But luck was no longer on our side. On the first day of our ‘writing sabbatical’, my husband found a pea-sized lump behind his right ear. Four weeks later he had open lung surgery to remove the first of many tumours.

Overnight my husband became, in his own words, a dead man walking. It wasn’t something he felt called to write about and neither did I. Paralysed by fear, all I managed to write during those two long years of his illness was a journal. Many journals in fact.

When the cancer spread to his brain and time began to run out, the urge to write his book returned. He produced several chapters, he even submitted a short story to an anthology. But slowly, after two operations to remove a recurring brain tumour, he became too tired to concentrate. He’d nod off in front of his laptop.

Four years after we met, my husband died not having written the book he’d felt called to write.

Why am I sharing this story with you? Because since I started to teach creative writing, I’ve met countless people who feel that same urgency to write but fail to follow through.

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Many of us carry stories inside that need releasing.

And many of us do what my husband did. We – yes, I am one of those people – we come up with brilliant plans, we tell the world about our passion to write, we make genuine commitments and then … we stall. We become busy, we become bored, we become distracted. It happens to all of us.

Something else that will happen to all of us, is that while we’re busy finding excuses not to write, the story we so desperately wanted to write fades and possibly dies. It looses its urgency. That’s why it’s so important to get on with it and write while the heat is in you.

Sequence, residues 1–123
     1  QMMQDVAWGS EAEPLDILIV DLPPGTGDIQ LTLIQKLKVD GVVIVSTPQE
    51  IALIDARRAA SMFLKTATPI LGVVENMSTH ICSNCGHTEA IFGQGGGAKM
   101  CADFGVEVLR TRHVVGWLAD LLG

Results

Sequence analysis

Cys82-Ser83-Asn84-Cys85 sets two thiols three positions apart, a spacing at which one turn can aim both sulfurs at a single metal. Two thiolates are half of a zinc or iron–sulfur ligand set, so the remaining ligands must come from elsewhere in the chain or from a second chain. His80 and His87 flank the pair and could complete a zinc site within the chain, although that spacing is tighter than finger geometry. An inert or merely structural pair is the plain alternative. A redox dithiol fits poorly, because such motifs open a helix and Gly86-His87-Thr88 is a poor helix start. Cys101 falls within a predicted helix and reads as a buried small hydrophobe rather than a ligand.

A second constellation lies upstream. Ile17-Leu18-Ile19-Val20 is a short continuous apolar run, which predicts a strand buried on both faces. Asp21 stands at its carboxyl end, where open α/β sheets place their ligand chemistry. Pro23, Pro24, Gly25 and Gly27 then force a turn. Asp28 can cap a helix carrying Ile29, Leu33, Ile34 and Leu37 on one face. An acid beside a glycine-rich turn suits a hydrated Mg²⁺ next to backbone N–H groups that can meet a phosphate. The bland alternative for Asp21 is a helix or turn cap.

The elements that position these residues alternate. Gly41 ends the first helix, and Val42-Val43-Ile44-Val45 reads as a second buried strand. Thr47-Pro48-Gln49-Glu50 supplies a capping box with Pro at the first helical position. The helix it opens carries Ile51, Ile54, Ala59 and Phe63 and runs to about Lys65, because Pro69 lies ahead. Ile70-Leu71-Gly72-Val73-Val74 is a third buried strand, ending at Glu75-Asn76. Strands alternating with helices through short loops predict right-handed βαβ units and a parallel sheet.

“Write while the heat is in you. The writer who postpones the recording of his thoughts uses an iron which has cooled to burn a hole with. He cannot inflame the minds of his audience.” ~ Henry David Thoreau

It’s 10 years this month since my husband’s cancer diagnosis and I still haven’t written the book about how my life fell apart, how I dug myself out of the darkness using writing as my crutch and what I learned from it.

I’ve written in creative bursts, followed by dry spells. I’ve written plenty, but I haven’t produced a first draft yet. And all of a sudden that burning desire has diminished.

I’ve lost the hot desperation to release the story, because time has done its thing and released me from it.

Today I had a frank conversation with my journal and asked it some tough questions.

What if I were given a death sentence tomorrow? What would I regret?

You got it. Not having written that book.

How about you?

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Will you regret not having followed the urge to write?

If the answer is yes, then do yourself a favour. Listen to that feeling, then sit down and write. Join me in our supportive online community or take one of our short courses to get started.